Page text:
Like I said, card draws on Friday. This will speed things up on Saturday. I also have a better plan for how to do the bench team draft. This should make it easier on the captains.
We are at two identical inline hockey courts, so there’s a better symetry in all the games–no more dead boards. The courts are very large, so players that are used to tennis court games will find that the games will take more out of them. This will matter a lot more during the bench games.
What do you think are the essentials for putting on a good tourney?
A good relationship with your parks & recreation department/office (or whatever host location you are using). No event exists without a place to play. Everything else is icing.
But let’s talk about icing. There’s a structural benefit to providing food at the court. It keeps players close and ready to play. Additionally, I’m providing bike valet parking for security reasons. Bikes have been stolen from Frederick at past events, so I wanted to provide this as a service/conveniance. It also looks better than a grass plot littered with bikes.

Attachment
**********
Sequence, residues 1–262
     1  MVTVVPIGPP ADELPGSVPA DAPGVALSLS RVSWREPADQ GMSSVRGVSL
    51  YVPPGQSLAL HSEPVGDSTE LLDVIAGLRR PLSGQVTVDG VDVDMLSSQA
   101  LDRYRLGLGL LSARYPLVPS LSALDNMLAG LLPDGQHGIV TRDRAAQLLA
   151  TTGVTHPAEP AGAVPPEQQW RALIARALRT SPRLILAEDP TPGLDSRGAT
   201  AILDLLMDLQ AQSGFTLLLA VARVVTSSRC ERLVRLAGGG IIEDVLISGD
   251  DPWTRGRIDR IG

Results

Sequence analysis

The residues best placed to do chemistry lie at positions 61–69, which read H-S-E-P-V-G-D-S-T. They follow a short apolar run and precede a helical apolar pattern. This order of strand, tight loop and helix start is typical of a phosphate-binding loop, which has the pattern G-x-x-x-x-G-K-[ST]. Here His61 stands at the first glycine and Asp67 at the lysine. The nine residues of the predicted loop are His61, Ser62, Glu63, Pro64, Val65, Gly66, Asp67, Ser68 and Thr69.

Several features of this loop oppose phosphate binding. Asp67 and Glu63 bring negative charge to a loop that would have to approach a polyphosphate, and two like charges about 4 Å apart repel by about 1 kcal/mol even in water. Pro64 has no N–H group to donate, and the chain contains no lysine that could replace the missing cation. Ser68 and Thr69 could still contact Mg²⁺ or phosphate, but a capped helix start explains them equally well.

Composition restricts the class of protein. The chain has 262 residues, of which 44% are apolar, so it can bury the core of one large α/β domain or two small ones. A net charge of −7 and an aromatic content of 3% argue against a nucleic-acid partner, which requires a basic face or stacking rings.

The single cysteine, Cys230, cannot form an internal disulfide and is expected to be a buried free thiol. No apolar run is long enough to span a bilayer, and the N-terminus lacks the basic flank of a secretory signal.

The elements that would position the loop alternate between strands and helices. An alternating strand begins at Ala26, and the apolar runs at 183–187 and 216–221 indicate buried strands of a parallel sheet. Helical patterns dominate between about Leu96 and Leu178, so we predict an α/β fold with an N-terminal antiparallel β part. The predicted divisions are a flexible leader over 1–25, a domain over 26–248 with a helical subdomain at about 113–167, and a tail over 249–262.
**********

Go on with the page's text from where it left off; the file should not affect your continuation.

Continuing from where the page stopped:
Lots of what I’m able to provide comes from local bike-shop support and partnership. Involvement with your local shops goes a long way.
The Thaw is a pickup tourney on day 1 with a bench format tourney on day 2. Do you see this as a great way of getting the best of both worlds? Which part is your favorite of the two?
Day one isn’t quite a “pickup” tournament. In a pickup tournament, you could still get three very experienced (or inexperienced) players on a team. I call this format a “shuffle deck” tournament. Each team has an A, B, and C skilled player and so the teams are as horizontally balanced as you can ever have. What I like about day one, is that it establishes some mentor-mentee relationships in the polo community. If you’re new to polo, you’ll hopefully get some constructive coaching on how to best contribute to a team. If you’re an ace at polo, you’ll have to exercise team leadership, and get your team to perform at it’s best.